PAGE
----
The vertical bar graph raw exposure meter is the least explained meter in the latest RED manual. It’s also one of the most valuable exposure tools the RED ONE offers.
As English is my second language (and I haven’t discovered my primary language yet) I shorten “vertical bar graph raw exposure meter” to “barber pole.” It sits immediately next to the traffic light display in the viewfinder and on-board LCD:
The circled meter is the traffic light. The barber pole sits immediately to its left. In the latest RED ONE manual (20.1.3) this is the closest I could find to a depiction of how it works. (I swear I found a little bit of an explanation in a previous manual, but I can’t find a single thing about it in this one.)
The RGB histogram is a great tool for judging exposure, as is the traffic light, but both are inextricably affected by the shooting gamma. For example, if I’ve chosen to shoot in RedSpace and I see a one of the traffic lights illuminate (indicating 1% or more of that color’s photosites are clipped), or a color channel clips on the RGB histogram, I can toggle into RAW mode and make both of those clips go away. Since RAW shows me what’s really going on, I can toggle back into RedSpace and rest assured that I’m not losing any important data.
It’s the same for false color mode, which may show me that I’m clipping highlights in RedSpace but then changes completely when viewed in RAW. I’d rather know what’s going on WITHOUT toggling into RAW, and the barber pole is that tool.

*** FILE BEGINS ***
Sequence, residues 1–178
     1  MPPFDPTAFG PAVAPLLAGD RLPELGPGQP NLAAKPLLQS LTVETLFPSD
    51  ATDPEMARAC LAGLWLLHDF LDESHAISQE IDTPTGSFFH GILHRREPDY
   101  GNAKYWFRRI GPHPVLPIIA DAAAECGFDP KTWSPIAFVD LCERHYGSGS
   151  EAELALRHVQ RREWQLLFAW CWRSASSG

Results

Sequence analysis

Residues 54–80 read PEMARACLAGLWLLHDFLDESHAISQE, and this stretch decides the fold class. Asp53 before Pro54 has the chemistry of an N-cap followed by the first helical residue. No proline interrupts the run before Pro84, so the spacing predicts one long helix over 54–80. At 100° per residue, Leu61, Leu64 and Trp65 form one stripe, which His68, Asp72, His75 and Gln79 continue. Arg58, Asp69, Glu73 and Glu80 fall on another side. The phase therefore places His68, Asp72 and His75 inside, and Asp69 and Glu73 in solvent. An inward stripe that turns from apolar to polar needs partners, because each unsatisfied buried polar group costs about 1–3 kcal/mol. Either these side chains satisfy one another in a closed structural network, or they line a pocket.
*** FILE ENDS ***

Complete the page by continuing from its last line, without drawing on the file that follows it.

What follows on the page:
This chart, from page 44 of the RED ONE 20.1.3 user manual, shows the legend for false color mode. The barber pole works very similarly, with three important differences:
(1) There is no pink band representing flesh tone.
(2) There is no straw band indicating “two stops over reference” (presumably 18% gray).
(3) The barber pole always always always displays information about RAW data. It is not affected by your gamma choices.
When 2% of the photosites on the sensor reach a value that RED considers to be the equivalent of 18% gray, the green band appears.
When 2% of the photosites on the sensor reach a value that is 2/3 stop below saturation (“clipping”), regardless of color channel, the yellow band appears.
When 2% of the photosites on the sensor reach a value that is 1/3 stop below saturation (“clipping”), regardless of color channel, the orange band appears.
When 2% of the photosites on the sensor reach a value that is fully saturated (“clipping”), regardless of color channel, the red band appears.
For those of us who expose to the right, the optimal exposure illuminates the orange band without activating the red band.
The barber pole gives just enough information without giving too much: between 18% gray (green) and clipping (red) there’s really not much you can judge from a small striped meter, so it doesn’t bother you with intermediate steps like flesh tone (pink). As long as your exposure falls between 18% gray and 2/3 stop below clipping it just leaves you alone. I like that. It only grabs your attention when you’re getting close to losing highlight detail, which is all we really care about in a raw “color grade it later” world.
So if you expose the RED as I do–boosting the exposure as high as possible for maximum latitude and minimum noise in post–keep an eye on the barber pole. It’s the one tool I’ve found that is consistent with what is really going on under the RED ONE’s hood.
Art Adams is a DP who describes himself as “bright.” His web site is at www.artadams.net.